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Giving Back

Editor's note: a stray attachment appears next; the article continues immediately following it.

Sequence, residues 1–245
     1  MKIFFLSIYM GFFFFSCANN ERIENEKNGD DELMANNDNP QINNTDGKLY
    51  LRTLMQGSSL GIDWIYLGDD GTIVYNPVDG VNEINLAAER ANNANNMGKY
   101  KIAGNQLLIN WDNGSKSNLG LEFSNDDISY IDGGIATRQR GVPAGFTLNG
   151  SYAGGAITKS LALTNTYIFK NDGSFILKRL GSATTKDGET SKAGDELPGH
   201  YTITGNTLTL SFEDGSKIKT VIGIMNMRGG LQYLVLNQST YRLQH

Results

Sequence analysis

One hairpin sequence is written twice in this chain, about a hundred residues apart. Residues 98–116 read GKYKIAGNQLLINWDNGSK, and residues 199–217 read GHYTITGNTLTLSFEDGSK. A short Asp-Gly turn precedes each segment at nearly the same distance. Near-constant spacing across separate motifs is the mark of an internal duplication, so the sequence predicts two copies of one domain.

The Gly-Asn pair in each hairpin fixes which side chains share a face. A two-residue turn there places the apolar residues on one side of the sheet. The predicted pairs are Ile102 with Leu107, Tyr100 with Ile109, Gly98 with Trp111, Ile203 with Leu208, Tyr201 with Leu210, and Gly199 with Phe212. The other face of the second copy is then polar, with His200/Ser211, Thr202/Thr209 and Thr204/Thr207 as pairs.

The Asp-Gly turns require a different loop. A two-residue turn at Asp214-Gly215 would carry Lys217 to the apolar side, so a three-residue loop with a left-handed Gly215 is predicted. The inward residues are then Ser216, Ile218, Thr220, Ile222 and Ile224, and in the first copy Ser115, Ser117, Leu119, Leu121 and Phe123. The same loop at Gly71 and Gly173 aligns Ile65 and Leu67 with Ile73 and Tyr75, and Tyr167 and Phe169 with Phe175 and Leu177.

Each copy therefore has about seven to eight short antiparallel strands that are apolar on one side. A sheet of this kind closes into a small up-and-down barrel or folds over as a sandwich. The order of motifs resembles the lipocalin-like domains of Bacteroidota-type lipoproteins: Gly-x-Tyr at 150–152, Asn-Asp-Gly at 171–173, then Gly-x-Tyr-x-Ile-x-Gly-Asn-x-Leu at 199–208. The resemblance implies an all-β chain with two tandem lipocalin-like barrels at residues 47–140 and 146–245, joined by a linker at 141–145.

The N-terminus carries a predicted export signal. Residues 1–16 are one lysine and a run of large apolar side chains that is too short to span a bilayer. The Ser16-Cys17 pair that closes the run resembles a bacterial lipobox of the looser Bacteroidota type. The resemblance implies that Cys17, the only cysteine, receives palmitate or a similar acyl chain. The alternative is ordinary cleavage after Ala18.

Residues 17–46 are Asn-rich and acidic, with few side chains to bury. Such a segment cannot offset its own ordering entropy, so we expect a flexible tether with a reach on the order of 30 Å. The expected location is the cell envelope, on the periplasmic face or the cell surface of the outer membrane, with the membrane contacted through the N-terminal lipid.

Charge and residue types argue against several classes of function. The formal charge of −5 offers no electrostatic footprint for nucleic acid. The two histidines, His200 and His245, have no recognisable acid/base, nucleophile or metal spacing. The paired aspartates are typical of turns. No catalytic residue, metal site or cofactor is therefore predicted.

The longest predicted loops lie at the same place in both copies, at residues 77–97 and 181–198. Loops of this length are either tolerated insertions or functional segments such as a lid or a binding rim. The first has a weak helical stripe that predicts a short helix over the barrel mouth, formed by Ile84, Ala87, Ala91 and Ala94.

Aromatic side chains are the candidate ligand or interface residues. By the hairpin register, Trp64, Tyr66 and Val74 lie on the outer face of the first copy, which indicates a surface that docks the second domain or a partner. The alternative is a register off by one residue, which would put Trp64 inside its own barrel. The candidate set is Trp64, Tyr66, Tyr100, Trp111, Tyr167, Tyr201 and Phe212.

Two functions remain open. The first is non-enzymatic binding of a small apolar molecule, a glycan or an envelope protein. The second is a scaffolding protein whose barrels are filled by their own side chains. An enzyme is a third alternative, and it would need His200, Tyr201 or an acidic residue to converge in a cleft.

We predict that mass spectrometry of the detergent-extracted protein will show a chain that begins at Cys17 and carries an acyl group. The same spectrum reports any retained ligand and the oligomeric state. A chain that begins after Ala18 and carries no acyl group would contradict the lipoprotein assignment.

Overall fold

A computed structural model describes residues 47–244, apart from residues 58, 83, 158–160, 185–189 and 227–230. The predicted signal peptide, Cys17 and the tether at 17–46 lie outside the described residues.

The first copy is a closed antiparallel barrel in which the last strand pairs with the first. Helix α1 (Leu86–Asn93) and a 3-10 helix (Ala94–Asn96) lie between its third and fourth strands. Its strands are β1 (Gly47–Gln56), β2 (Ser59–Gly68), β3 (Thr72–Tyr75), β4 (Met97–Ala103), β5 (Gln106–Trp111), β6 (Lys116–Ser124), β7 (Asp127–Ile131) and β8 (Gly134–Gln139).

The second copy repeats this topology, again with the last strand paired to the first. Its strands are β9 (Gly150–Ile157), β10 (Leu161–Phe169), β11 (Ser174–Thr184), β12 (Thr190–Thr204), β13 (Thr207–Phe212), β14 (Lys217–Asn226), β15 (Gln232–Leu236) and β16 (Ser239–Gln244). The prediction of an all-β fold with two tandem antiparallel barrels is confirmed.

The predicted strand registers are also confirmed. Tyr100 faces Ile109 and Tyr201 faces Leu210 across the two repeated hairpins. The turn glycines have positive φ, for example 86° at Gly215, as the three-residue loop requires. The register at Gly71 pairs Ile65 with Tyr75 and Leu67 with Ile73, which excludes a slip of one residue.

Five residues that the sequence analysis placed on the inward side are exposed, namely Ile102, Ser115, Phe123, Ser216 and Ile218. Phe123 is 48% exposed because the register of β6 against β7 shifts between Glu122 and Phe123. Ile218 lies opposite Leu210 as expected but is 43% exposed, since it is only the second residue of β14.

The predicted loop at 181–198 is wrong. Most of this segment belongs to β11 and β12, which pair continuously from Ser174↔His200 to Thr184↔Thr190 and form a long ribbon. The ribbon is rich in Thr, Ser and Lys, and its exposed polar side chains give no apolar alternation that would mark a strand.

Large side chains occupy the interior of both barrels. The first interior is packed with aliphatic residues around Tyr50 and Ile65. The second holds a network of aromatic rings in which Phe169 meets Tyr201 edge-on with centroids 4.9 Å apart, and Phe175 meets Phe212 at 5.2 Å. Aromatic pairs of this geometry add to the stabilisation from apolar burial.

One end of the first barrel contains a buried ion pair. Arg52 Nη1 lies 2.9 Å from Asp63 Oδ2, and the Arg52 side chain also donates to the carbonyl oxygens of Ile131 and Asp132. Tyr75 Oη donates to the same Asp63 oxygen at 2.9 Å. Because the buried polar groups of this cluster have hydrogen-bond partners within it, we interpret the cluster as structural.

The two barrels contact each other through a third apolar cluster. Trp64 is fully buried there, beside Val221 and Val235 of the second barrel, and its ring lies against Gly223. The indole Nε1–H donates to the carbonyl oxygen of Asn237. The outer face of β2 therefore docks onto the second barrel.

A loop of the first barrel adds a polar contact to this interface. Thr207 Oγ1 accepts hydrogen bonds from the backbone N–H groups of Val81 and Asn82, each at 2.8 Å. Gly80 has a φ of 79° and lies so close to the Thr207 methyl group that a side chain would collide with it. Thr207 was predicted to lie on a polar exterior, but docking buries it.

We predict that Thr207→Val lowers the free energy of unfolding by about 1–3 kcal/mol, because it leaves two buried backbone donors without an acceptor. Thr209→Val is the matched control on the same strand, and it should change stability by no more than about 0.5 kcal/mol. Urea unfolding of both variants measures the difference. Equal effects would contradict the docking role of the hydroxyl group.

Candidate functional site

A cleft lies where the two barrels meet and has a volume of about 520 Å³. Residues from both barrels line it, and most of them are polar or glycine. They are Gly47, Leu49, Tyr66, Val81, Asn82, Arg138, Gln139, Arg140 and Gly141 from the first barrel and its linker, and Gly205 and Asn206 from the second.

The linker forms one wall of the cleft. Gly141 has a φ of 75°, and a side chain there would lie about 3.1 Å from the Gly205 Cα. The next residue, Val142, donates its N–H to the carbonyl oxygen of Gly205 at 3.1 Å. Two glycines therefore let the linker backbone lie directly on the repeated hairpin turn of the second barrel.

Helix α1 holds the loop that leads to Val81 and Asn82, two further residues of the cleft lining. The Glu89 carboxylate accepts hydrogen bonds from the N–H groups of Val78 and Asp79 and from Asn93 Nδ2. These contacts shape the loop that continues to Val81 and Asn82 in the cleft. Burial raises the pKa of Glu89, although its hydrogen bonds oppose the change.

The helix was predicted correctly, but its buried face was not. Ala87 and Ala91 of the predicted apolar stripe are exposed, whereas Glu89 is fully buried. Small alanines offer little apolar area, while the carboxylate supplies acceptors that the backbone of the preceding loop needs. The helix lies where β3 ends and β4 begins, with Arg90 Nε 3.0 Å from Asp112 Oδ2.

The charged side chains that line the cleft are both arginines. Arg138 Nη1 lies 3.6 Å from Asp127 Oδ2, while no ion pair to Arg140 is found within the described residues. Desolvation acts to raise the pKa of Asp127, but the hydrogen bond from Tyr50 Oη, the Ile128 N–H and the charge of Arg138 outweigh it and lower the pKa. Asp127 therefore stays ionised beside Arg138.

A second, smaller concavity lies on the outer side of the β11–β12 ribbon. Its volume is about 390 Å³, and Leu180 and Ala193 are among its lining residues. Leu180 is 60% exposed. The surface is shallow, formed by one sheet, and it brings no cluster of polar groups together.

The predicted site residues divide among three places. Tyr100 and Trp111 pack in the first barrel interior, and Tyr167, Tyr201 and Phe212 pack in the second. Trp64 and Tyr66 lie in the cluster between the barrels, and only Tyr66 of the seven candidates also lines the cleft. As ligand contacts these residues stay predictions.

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Recently I joined the Adult Basic Education team at Wenatchee Valley College teaching reading, writing, and math. I was a little nervous at first because I was facing a room full of students ranging in age from 20 to 67 and skills from 1st grade to college. Fortunately, 40+ years of teaching prepared me for the challenge of individualizing lessons, teaching, and approaches. What I wasn’t prepared for was the commitment, enthusiasm, motivation, and respect these students displayed. Their reasons for taking the class vary. Some simply want to earn their GED so they can improve their work situation. Some have high school and college diplomas earned in a different country and now they want to improve their English. Some want to be prepared to take “real” courses at Wenatchee Valley College and then move on to a 4-year college. All want to provide better opportunities for their families. The all work during the day and come to school at night. They never complain about being tired or over-worked, although they do sometimes mention that it is hard being away from their families so much. They usually follow that up with, “but it is worth it for a better future.” They all have their own stories to tell. There is Marcia who left Mexico when she married a US citizen. She is young, and the change was huge. She left family, a good job, even a favorite pet. She found herself among strangers, with no car, no friends, no job. She tells me that she decided to quit feeling sorry for herself and embrace all the good things in her life. She went back to school so she could learn to speak English well enough to get a good job in her field. She’s almost there! There is Mark who as a youth had a hot temper and got into trouble pretty consistently. He has a brother who is an engineer and CEO in his company and a sister who is an attorney. He has missed a couple of promotions here because he doesn’t have that GED. But recently he told us of earning his citizenship and how that felt and how proud he was to have achieved it. And then there is Santos. Santos is a painting contractor who has lived in this country for a long time. He writes like a poet and reads at a college level. Math is his bugaboo and yet he is progressing there. In two quarters he never missed a class, so I was surprised last week when he wasn’t there. One of my colleagues came to say that he was in Olympia as part of a committee to plead that money for the Wenatchee homeless and disabled community wasn’t cut by 2 million dollars. He was very excited to have met Linda Evans Parlette, Cary Condotta, and other state politicians. He was able to observe the legislature and listen to debates. He said it gave him “chills” to be in the capitol and listen to these important people. But it’s why he was chosen that is most impressive. Santos has worked with the homeless population in Wenatchee for a long, long time. He volunteers at Bruce House and the Women’s Resource Center. He works with these people because he was once homeless himself, and he wants to do whatever he can to help people find their way and change their lives. For him, going to school is the big factor. “I will always continue my education,” he announced. “And I will always help others.” There is nothing else to say, except , “Thank you to everyone who quietly gives back to this community.”

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